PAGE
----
They really give me a sense of how little we know about the world we live in. For all the understanding we do have, there are millions upon millions of things that we don’t. Right now it seems like the best thing you can do, is just to do your best. Try to limit how many resources you consume and the amount of trash you produce. Encourage diversity in all areas of life. Be nice to people. Smile more. Because no matter what, there’s an entire world that we don’t even know about effecting our lives. The earth seems too complex for us to control, or to fix at all. Maybe all we can do is try our hardest, and let the rest sort itself out.


Mental Mapping



The Memory Palace



memory palace


In this project we seek to make a map of the city. But, this will not be a digital or physical map. Instead, we attempted to create the maps in our own minds. Inspired by the ‘Memory Palace’ mnemonic tool, we decided to engage in a series of close looking exercises that would translate the length, width, and height of New York into a new neural pathway. Essentially, the map would be the new connections made in our brains.

For our exercise we chose to create a series of blind contour drawings. In this technique the artist will draw without lifting their pen or pencil and does not look at the drawing as they are making it. Instead, they focus on the object they drawing. This exercise is focused on the act of looking, rather than the creation of a drawing. The final drawing is merely the record that the act of looking took place, rather than the goal.

We selected three locations for our drawings. The first was the bridge over Amsterdam Ave at 116th St. This view would allow us an uninterrupted view down the island. The second was from the Top of the Rock, which would let us observe the city from above. The third was from Tudor City Pl at 42nd St, where we could look west across the city. In this way we could observe New York across all axes.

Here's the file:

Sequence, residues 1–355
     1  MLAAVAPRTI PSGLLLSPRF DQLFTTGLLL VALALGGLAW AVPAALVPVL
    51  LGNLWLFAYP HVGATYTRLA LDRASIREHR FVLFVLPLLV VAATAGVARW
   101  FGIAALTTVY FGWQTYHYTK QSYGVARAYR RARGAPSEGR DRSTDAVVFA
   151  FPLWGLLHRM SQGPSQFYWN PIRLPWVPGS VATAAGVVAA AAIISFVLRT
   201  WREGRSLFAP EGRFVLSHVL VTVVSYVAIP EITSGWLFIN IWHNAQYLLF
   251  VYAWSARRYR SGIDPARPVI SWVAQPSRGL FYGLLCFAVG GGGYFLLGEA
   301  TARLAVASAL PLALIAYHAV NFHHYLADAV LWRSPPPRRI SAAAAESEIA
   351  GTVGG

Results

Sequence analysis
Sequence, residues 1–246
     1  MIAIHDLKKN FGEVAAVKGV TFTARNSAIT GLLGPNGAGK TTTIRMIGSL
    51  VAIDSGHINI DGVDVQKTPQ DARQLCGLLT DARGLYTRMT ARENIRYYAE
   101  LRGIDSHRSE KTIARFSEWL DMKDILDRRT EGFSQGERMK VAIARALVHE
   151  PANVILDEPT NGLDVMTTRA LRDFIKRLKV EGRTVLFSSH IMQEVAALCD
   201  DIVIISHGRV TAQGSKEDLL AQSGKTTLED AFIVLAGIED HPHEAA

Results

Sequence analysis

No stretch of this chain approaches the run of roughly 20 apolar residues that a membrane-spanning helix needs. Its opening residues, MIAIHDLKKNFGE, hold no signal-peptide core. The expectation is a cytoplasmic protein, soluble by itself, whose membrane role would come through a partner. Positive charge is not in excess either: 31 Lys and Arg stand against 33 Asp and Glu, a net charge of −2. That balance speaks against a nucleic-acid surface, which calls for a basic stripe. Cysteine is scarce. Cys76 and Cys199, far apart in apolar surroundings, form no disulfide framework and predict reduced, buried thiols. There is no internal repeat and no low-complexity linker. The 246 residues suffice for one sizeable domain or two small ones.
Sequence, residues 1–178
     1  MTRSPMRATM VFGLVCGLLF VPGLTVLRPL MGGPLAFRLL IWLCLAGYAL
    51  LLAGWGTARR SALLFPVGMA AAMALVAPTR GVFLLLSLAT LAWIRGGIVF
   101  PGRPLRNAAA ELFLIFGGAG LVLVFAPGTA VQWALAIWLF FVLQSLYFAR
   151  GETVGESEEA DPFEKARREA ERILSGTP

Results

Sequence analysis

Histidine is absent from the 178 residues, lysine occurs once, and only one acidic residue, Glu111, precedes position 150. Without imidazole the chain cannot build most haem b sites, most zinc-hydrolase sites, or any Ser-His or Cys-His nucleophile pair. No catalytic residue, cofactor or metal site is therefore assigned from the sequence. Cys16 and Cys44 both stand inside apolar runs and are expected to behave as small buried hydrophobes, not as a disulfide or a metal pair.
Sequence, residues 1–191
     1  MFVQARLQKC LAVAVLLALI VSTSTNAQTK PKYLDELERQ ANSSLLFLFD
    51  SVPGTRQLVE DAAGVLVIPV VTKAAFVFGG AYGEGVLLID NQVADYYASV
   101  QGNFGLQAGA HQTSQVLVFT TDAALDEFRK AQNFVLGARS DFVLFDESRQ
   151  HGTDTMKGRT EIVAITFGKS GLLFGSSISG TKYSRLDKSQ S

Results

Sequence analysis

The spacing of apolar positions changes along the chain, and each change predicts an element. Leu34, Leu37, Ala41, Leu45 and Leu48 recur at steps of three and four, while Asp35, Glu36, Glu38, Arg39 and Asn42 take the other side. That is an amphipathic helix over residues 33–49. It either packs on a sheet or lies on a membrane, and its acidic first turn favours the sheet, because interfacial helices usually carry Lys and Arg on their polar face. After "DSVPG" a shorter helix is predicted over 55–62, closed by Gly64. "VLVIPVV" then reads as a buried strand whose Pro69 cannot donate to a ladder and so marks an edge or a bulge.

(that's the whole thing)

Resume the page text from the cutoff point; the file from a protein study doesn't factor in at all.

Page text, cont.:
Looking Down the Avenue

Screen Shot 2016-04-03 at 10.04.41 PM


Photo Apr 03, 9 54 09 PM



Photo Apr 03, 9 54 18 PM


Looking Down form the Top of the Rock

Screen Shot 2016-04-03 at 10.05.46 PM

Photo Apr 03, 2 40 03 PM

Photo Apr 03, 9 54 42 PM

Photo Apr 03, 9 54 52 PMIMG_1870Photo Apr 03, 2 59 00 PMIMG_1892

Looking Across the Street

Screen Shot 2016-04-03 at 10.07.57 PM

Photo Apr 03, 4 55 46 PM (1)

Photo Apr 03, 9 55 01 PM



Photo Apr 03, 9 55 14 PM


Energy Storage

It seems like energy storage, aka batteries, is the weakest link in large scale renewable energy adoption at the moment. Current solutions are expensive and dangerous. While there has been some exciting news recently with Arpa-E’s announcement about their research breakthroughs, it seems like there is still a long way to go.

My research has left me wondering:

What are the challenges facing large scale energy storage nationally? What about in NYC specifically

Is funding a main issue?

What are the challenges of energy infrastructure in NYC?

What are the pitfalls of current battery types and systems?

How is the NYC energy grid vulnerable to and resistant to disruptions?

I’m hoping that NYU professor Zivan Zabar of the Engineering Dept can help me answer these questions.


Link Dump:

Seeing is Forgetting

That’s the difference between being a West Coast artist and a European. A European artist really believed in himself as part of the historical tradition, that archive…Obviously, you think what you do is important, or you wouldn’t be pursuing it with the kind of intensity you do. But the minute I start thinking about making gestures about my historical role, I mean, I can’t do it, I have to start laughing, because there’s a certain humor in that.